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Surge in fake online shopping sites

Feb 1, 2024

Surge in fake online shopping sitesDespite the fact that I write extensively on scams, I nearly became a victim in what seems to be an increasing wave of fake online shopping sites.

When I shared my story on social media, it became apparent that several well-known brands are being targeted by fraudsters who create fake websites that look just like the real company website, and then offer huge discounts to attract customers.

Shoe retailer Tsonga recently issued a warning to customers that social media adverts are taking customers to fraudulent websites not affiliated with their brand.

According to Tsonga, these websites “are set up in such a way that they deceive customers with the allure of favourite Tsonga items marked down by up to 80%. Unfortunately, these sites appear legitimate until you look at the actual URL of the site you are visiting. Please be extra vigilant as this is currently spreading like wildfire with their monetised advertisements they are sharing on social media.”

In my case it was not a social media post but a Google search that took me to one of these fake online shopping sites. I was looking for a pair of Skechers for my son and typed Skechers South Africa into Google to see where I could buy a pair.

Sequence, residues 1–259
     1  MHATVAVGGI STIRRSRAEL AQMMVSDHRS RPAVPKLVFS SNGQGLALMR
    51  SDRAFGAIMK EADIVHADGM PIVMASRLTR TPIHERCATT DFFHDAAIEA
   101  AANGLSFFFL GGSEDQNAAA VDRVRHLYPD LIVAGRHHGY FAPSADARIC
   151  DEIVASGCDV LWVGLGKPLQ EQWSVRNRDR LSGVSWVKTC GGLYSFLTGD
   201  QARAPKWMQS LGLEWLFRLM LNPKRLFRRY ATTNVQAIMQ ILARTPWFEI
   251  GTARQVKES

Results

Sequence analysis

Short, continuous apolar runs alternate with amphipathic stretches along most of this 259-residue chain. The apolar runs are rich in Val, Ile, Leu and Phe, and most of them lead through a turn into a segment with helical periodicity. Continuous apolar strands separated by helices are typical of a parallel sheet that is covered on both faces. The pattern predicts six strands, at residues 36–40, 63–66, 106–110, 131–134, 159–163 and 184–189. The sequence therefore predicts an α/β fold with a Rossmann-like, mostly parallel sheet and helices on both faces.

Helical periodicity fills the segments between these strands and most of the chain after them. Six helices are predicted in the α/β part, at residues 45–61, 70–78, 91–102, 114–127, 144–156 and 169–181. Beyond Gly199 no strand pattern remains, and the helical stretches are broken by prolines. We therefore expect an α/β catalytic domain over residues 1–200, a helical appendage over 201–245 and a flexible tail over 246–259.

At the top of the search was the website “Skechers South Africa” – which claimed to be the official online store. These fake sites pay Google so that they appear first on the search results page, providing them some credibility.

The site looked legitimate, and I found a pair of shoes for my son which were on sale. The discount was around 40%. This seemed reasonable considering that a week earlier I’d purchased a pair of hiking shoes from another retailer at a 60% discount – they had arrived the next day.

When I came to pay for the Skechers, I was given a further discount of 43%. I thought it was strange but continued to provide my details. I had to create an account which required my email address and home address. I then provided my credit card details for payment.

For some reason the payment did not go through, and I attempted to contact the site. That was when I started to get suspicious – the contact form did not provide any contact details.

By now the added discount was starting to also raise red flags in my mind, so I took a closer look at the website’s URL, which was skechers-south-africa.co.za. I discovered in my Google search that there were several variations on this URL, such as skecherssouth-africa.co.za and skechers-southafrica.co.za.

I ran a search for “Skechers South Africa scam” and quickly came across complaints on websites like Hellopeter, where people reported that their shoes had never arrived, despite having received emails from the “supplier” confirming the order.

In some cases, people received an item of much smaller value than what they had actually bought, for example a cap instead of shoes.

A website called malwaretips.com warns about Skechers South Africa explaining that “This scam website claims to sell various Skechers sneakers at very low prices, but will either send you counterfeit or inferior goods, or nothing at all.”